Although there are other theories about the role of anthocyanin, it is this explanation that researchers Simcha Lev-Yadun, from the University of Haifa-Oranim (Israel), and Jarmo Holopainen, then at the University of Kuopio (Finland) and now at the University of Eastern Finland, took as their premise. From this Scandinavian country, the Israeli scientist explains that in 2008 he came to Finland to try to understand the enigma of autumn colours in Europe and America. “I rented a car and went out into the forests to see for myself what was going on,” recalls Lev-Yadun.
“Nature teaches you things that books cannot.”
“On the second day, I was in the centre of the belt, which was at the peak of its golden-yellow colouring. I drove about 600 kilometres from Kuopio and saw millions of yellow trees, but also millions of red bushes growing under the trees,” Lev-Yadun recounts. “At one of my stops, while taking photographs and field notes, I understood the principle.”
According to Lev-Yadun and his colleague Holopainen, who knows all the secrets of the local ecology, the trees and their insect attackers are exposed to extreme temperatures in winter, while the bushes are covered with snow. “They have a natural igloo,” says Lev-Yadun. So trees do not need the red colour because their parasites die off during the cold season, while Scandinavian shrubs keeping warm under the snow need to maintain this protection. This was “the first step in solving the enigma,” says the researcher.
So why have North American and Asian trees been forced to keep their warning signs, while European trees have been able to do without them? To unravel the mystery, the scientists broadened their focus to include geographical and climatic conditions in the planet’s recent history, and noticed a curious fact: in Europe, the main mountain ranges run from east to west, while in America and East Asia they run from north to south. We humans live in what is as known as the Quaternary glaciation, an ice age characterised by glacial periods of intense cold and interglacial periods, such as the present one, with more moderate temperatures.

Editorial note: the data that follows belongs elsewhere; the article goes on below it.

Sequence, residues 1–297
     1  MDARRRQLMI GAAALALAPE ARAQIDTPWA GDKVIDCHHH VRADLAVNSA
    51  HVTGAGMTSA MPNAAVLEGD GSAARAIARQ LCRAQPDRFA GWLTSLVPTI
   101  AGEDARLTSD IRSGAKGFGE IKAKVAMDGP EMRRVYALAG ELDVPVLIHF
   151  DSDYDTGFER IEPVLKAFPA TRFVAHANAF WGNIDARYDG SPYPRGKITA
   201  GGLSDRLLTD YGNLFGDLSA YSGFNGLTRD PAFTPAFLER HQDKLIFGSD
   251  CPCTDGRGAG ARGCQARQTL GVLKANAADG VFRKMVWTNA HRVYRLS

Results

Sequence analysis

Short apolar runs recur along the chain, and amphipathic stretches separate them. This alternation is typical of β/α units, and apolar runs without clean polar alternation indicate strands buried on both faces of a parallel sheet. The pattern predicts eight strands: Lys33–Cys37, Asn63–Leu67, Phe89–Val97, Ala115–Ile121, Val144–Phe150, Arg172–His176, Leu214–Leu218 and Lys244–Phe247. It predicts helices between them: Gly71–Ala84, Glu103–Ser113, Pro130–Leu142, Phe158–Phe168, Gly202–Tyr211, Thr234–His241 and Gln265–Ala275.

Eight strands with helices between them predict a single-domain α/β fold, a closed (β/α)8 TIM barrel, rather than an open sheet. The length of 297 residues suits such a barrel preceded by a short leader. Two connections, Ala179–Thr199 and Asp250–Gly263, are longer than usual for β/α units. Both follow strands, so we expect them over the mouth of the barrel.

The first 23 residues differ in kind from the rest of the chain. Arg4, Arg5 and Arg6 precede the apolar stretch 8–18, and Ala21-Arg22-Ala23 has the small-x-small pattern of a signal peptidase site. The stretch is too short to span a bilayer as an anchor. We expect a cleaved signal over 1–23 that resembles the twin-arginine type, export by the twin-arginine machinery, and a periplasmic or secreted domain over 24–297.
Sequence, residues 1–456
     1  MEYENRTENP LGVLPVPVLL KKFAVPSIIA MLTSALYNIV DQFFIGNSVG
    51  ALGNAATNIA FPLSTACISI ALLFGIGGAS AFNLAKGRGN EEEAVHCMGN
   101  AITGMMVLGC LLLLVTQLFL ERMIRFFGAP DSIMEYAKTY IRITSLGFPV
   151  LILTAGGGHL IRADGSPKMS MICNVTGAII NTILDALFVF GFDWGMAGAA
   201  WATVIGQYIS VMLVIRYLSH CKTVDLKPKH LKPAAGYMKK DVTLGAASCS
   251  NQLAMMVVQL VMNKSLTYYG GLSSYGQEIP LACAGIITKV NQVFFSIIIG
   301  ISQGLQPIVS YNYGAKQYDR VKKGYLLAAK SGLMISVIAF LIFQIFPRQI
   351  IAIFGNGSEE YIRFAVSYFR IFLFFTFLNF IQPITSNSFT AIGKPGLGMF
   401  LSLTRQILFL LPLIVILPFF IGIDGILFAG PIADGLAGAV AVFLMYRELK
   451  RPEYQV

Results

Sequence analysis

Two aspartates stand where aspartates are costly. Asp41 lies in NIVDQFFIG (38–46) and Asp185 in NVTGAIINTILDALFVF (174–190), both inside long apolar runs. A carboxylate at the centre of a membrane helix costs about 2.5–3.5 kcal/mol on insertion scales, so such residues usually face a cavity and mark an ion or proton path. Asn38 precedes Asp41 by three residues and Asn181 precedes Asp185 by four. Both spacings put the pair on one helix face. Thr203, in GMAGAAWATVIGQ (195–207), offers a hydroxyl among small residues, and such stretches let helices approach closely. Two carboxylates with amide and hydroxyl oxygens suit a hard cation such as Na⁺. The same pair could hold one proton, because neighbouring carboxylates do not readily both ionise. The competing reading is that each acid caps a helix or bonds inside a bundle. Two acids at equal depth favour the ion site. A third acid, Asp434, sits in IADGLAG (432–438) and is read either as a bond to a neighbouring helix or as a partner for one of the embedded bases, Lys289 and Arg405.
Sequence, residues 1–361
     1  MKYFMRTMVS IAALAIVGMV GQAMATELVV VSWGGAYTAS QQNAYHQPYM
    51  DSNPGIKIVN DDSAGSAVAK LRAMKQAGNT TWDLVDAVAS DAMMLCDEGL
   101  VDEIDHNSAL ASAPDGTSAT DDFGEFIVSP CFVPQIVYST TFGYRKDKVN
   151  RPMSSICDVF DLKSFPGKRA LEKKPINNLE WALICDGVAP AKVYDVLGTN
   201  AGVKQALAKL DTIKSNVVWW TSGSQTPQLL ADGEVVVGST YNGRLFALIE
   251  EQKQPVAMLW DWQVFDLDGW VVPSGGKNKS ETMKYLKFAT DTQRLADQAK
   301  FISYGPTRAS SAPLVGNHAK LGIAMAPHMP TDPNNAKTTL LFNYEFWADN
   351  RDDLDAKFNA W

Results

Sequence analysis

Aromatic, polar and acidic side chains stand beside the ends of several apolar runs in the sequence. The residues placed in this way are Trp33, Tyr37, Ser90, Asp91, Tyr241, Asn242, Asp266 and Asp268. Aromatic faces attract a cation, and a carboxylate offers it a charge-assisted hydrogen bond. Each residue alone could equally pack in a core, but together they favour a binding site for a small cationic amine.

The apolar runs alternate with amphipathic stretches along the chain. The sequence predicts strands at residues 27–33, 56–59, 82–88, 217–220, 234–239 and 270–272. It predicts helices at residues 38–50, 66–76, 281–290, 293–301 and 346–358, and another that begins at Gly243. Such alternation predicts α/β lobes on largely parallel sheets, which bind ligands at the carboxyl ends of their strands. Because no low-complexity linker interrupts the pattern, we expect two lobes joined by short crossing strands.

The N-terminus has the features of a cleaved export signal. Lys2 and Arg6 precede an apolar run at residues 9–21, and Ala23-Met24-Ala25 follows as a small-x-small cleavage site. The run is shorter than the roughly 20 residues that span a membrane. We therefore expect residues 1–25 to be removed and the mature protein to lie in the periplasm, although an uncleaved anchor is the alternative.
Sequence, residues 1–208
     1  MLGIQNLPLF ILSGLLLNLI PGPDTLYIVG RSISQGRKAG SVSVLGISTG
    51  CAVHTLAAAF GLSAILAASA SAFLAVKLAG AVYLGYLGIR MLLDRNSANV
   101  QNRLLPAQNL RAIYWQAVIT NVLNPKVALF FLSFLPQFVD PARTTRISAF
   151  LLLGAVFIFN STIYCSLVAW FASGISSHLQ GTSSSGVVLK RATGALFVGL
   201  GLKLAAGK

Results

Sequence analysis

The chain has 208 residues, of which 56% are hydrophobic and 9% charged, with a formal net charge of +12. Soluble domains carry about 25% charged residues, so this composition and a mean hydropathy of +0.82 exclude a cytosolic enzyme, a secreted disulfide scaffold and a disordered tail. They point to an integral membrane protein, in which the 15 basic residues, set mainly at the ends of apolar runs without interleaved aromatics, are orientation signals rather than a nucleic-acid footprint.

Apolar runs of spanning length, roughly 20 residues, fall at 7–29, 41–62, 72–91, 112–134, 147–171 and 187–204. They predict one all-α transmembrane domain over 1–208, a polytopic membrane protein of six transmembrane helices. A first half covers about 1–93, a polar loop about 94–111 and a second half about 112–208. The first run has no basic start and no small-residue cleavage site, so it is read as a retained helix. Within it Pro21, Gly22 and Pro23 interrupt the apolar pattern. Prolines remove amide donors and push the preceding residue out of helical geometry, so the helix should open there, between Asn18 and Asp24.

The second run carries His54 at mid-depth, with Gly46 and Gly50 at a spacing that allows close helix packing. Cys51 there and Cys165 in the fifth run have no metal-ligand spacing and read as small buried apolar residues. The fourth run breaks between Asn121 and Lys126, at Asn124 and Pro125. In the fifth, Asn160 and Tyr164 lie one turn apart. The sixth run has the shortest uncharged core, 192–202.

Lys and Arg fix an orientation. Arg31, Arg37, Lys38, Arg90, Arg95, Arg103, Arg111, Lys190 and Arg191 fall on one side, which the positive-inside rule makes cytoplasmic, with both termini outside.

“From other studies on global climate change, especially in the Pleistocene, we knew that extinctions [due to cold] have been much stronger in Europe because of the direction of the mountains,” Lev-Yadun explains. In other words, North American species, including plant parasites, were able to migrate south during periods of extreme cold, while in Europe they were blocked by mountain ranges and trapped by the ice. Free from pests, European trees were able to avoid the costly burden of anthocyanin production.
“Differences in biological richness, unequal extinctions, insect physiology and the different defence mechanisms of red and yellow leaves all combine to support the hypothesis,” says Lev-Yadun. The two researchers’ work, published in the journal New Phytologist, “attracted a lot of interest from the scientific community and the media, so much so that some saw it as the solution to many unknowns and stopped studying autumn colouring.” “But we still have many questions that will take years to answer,” the scientist concludes.